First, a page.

Friday, March 08, 2013

StraightTalk Overview

Imagine that your service provider just offered to cut your annual bill by about $1,000, while still giving you (mostly) unlimited data, and then throwing in unlimited text and talk just for good measure? Too good to be true? Not if you have a Nexus 4 and move from a contract, to pre-paid on Straight Talk.
How do I save $1,000 per year?
For the uninitiated, Straight Talk is a mobile virtual network operator (MVNO). An MVNO buys capacity on someone else's network (e.g. AT&T, T-Mobile, etc.). They negotiate wholesale rates, and then they chop up that capacity and resell it to consumers. In other word's they're a middle man... they don't own a network, or towers... they don't build infrastructure. They just repackage the capacity, and pass cost savings on to end-users. And yes... believe it or not, it's actually a thing.
And this saves me money?
You've probably seen the ads for pre-paid wireless... be it Straight Talk, or Virgin Mobile, or one of dozens of different MVNOs that offer $45-$50 per month for unlimited everything... that can't possibly be true, right? There's got to be some catch... because who in their right mind would pay double that for their AT&T contract? Well, by the numbers the vast majority do. In fact, despite trailing Verizon by 20 million wireless subscribers in Q1, 2013... AT&T is expected to add another 475,000 new customers this quarter! What's that worth? Well, it's worth more than $38 million per month in new revenue to them! Why? simply because most people won't consider a pre-paid option, like Straight Talk. (And now you also know how Verizon and AT&T can afford to pay such high dividends to their stockholders).
Yes, but is it really unlimited everything?
Good question - and there are some caveat's if you read Straight Talk's terms and conditions. The one that has the potential to impact most folks is the "unlimited" web-browsing... which is in fact, different from unlimited data. "So what's the distinction?" Well, you can check the link for the details but the short of it is that you shouldn't stream video (much), and you should pay attention to your data usage. At the risk of oversimplifying... unlimited web-browsing translates into "don't abuse your data plan"... which if you're looking for a real-world guideline actually means... keep it to 2GB per month, or not much more than 100mb on any given day. So the next question many folks ask, is "Is that alot", or"What's typical?". Most customers on either AT&T or T-Mobile don't reach a 2GB per month. And only 4% of AT&T customers use more than 3GB. The story might be a little dated, so I also conduced an unscientific survey of folks working in a technology company... all had Smart Phones, and all were in the age range of 28- 40 years of age. Guess what they used? The average range was between 700MB - 1.2GB per month.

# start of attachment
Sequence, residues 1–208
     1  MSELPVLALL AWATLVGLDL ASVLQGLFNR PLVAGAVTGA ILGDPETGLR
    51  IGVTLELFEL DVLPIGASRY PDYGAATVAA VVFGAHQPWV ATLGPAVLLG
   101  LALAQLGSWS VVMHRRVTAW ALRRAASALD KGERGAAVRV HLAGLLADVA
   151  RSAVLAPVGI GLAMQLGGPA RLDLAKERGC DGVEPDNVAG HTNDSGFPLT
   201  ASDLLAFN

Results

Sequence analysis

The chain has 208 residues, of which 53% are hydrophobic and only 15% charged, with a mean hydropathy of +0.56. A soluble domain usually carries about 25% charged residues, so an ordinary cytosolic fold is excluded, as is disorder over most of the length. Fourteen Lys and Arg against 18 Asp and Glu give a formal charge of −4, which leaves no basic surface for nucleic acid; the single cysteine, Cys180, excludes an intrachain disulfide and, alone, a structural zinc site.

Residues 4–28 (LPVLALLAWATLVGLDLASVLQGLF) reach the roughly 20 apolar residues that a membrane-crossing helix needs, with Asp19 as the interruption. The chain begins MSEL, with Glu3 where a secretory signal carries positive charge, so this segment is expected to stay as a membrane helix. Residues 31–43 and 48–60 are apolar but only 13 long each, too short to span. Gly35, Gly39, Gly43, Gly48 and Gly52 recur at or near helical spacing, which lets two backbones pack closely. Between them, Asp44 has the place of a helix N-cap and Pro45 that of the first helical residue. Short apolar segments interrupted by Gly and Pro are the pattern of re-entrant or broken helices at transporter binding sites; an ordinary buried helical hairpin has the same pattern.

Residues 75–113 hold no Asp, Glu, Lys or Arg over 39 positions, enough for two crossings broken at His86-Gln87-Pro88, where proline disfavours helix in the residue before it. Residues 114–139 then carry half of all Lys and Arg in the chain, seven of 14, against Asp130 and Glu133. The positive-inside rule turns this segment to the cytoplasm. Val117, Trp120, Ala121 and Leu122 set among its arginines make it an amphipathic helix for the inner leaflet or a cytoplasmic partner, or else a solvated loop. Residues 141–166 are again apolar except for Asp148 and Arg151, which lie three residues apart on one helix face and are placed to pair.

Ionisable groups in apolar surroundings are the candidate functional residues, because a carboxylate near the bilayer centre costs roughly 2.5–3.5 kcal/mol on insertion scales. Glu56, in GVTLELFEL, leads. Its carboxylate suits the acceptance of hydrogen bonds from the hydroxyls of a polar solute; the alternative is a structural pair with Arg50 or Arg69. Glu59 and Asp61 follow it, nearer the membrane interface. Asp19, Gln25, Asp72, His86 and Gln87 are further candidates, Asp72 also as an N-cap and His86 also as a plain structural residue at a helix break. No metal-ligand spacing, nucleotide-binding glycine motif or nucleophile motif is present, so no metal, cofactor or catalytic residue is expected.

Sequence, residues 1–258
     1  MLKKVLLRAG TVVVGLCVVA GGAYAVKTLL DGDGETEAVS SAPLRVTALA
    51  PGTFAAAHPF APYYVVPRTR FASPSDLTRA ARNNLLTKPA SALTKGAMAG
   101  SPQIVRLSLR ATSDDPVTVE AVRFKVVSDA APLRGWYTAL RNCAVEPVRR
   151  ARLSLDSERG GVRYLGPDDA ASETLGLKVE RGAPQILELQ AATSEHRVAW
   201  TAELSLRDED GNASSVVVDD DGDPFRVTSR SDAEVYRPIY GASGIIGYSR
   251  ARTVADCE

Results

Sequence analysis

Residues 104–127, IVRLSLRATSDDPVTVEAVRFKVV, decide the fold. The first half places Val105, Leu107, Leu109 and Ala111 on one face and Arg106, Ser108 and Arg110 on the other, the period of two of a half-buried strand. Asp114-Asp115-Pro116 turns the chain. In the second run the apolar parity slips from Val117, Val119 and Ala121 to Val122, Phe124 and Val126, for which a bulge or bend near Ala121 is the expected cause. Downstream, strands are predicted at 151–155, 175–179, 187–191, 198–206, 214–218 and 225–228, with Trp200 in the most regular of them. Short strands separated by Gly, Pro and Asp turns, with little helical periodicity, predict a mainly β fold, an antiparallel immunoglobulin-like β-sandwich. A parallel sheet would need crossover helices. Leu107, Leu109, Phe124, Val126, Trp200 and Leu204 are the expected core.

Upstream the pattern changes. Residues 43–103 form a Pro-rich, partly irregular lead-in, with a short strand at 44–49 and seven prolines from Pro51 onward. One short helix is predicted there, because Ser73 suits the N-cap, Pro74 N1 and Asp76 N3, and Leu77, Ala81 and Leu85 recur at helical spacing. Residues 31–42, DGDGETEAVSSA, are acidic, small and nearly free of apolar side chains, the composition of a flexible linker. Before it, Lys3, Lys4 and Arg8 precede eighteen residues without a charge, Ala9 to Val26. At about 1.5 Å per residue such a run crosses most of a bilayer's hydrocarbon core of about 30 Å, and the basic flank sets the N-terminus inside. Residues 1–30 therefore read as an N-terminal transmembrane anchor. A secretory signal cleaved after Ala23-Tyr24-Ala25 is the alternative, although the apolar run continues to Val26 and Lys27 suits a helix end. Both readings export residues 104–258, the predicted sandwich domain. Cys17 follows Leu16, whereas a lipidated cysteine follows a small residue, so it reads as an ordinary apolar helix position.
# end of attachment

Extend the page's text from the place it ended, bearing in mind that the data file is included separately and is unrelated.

What does this have to do with an unlocked Android phone (like, say... a Nexus 4)?
Google's Nexus 4 is a carrier unlocked GSM phone. You probably already know that. And if you don't, Brian over at Anandtech does a good job of explaining why it's a great phone. Of particular note is the zerogap LCD display. In case you weren't aware, unlike the Galaxy SIII, the Nexus 4 does not have a Super AMOLED display. Since the Nexus 4 is manufactured by the king of LCD production, LG has managed to squeeze every lost drop of LCD goodness out of the aging technology (while yields are still ramping up on the OLED manufacturing). For those unfamiliar with GSM it means that the phone will work darn near anywhere on earth that has a cell phone carrier, and all you need to do is grab a prepaid SIM card on a local carrier's network. Prepaid SIM cards are common just about everywhere in the world, expect for the US (though via MVNO's, they're becoming more common). So in the United States, why does this matter.. For starters, it's now illegal to unlock a locked phone without the carrier's permission. Crazy, right? AT&T and T-Mobile are the two major GSM-based networks in the United States. So, with a Nexus 4 -available at the Google Play store you can buy a $300 phone without a carrier subsidy, a phone nearly identical to the unlocked $750 (retail) LG Optimus G. Why the difference? Long story short... the Nexus 4 doesn't have 4G LTE coverage capability anymore ;)... it's limited to 3G (but can do HSPA+). There are rumors that Google is selling the phone at cost, or perhaps at a loss, but it may just be that the margins are higher on phones than what some folks thought. Whatever the case, it's a great phone for only $100 more than what would be the typical carrier subsidy.
What does YOUR contract cost?